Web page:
Talking About Oppression

First, a nod to Tracy Chapman for her powerful and moving song “Talkin Bout a Revolution,” which came immediately to mind as I thought about writing this post.

I have been so very fortunate to have the opportunity to get to know and talk with a small group of young activists in this community in Central Mexico. We’ve been talking about oppression–about how oppression has developed over the course of human history, how it hit us when we were born into this society, how it continues to affect us today, and how to work to end oppression.


The young people in this village—like young people everywhere—are hit heavily by oppressive forces in the society. Messages that tell them who they should be, what they should do, how they should behave, and what their rewards will be if they conform.

We talked (in English and in Spanish) about how as babies we arrive here expecting to land in the world of our dreams.


Babies arrive fully human, and fully formed. Sure, we don’t have much experience with the world, but we know our own minds and we know what we want and what we need. It’s confusing when those around us don’t realize that and treat us as if we don’t have our own mind and free will.

babcia & lea

We expect to be welcomed, treated with respect, loved and held close. We expect our parents and the other adults (and young people) around us to be free of distress and to delight in our presence. We don’t realize that they already carry the scars of growing up and living in a oppressive society, filled with adultism, sexism, classism, racism and so on. If they hadn’t already been slammed by those isms, they would be much better able to “be there” for us, and to treat us as we deserve to be treated.


It was so fulfilling to me to get to speak to these young activists because I do respect the work they do and their success at conserving this community. There is a very committed group of activists in this community who continue a long legacy of maintaining community customs & traditions, as well as working to protect the villagers’ autonomy and right to self-determination.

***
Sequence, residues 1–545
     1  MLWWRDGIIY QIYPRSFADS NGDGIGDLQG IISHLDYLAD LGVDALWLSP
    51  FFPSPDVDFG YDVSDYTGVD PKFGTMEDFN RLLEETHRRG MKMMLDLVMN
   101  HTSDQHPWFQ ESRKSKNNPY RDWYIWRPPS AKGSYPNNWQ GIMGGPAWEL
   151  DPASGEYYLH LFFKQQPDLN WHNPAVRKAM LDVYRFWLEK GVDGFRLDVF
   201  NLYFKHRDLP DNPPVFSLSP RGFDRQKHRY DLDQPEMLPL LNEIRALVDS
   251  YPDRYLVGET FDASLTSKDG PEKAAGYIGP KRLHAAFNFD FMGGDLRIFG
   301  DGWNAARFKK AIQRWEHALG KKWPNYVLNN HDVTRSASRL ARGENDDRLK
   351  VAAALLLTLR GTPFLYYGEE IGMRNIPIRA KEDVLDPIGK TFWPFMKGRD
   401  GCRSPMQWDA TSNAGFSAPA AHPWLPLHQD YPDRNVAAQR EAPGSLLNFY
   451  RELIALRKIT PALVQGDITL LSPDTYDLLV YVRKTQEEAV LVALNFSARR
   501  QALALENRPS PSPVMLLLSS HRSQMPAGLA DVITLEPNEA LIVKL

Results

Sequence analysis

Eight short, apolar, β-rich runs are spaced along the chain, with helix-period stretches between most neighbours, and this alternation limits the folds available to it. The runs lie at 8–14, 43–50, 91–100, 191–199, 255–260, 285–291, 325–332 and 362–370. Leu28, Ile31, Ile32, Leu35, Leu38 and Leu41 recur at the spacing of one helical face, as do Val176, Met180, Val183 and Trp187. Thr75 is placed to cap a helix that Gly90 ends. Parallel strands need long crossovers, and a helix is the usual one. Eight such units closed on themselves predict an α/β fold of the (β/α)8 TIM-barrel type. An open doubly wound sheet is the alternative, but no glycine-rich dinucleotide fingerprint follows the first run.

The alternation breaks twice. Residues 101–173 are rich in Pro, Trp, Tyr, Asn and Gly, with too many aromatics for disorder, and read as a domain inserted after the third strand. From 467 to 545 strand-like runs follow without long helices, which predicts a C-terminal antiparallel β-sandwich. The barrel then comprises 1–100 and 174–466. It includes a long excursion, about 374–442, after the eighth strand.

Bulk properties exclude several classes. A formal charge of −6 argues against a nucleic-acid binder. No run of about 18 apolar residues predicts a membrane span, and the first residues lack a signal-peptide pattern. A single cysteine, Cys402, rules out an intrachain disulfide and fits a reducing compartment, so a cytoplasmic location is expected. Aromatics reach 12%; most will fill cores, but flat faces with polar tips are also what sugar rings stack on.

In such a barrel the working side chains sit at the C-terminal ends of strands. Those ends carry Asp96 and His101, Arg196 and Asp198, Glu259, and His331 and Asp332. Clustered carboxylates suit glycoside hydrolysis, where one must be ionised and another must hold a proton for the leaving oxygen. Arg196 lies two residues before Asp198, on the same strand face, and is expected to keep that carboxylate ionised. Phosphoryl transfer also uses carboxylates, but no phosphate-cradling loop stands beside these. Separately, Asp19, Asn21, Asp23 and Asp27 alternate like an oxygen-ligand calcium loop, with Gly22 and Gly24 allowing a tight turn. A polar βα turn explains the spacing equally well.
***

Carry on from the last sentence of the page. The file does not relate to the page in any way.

Most recently, the local youth group, Frente Juvenile en Defensa de Tepoztlán helped organize brigades of volunteers to put out the forest fires in the mountains surrounding the town. Members of the group fought fires, built firebreaks, and solicited support for their activities by collecting food, water and tools for the volunteer firefighters.


I told these young adults that one of the first steps in fighting oppression is becoming aware of it and talking about it. Doing so is talking bout a revolution and it sounds like a whisper–but en voz alta. Out loud.


Photo credits: Jewish Federations of North America, Fonte Silvia Meo via Compfight


When have you stood up for a young person against oppressive pressures from school, society, or other adults? Do you remember an adult standing up for you when you were young? If you could return to your younger self today as an adult ally, what conversation would you have with her? How do you model human liberation for the people around you—especially but not only the younger generation?

If you are a young adult, when have you stood up for yourself? And what support would you like from your adult allies?

Chime in with your thoughts by clicking the blog post title above. This will bring you to the post page which offers the opportunity for your comments.

Self Care

Practicing self care.

A bowl of salad 

Let’s make the assumption that it makes as much sense for us to care for ourselves as it does for us to care for others. That taking care of ourselves is as important as taking care of others.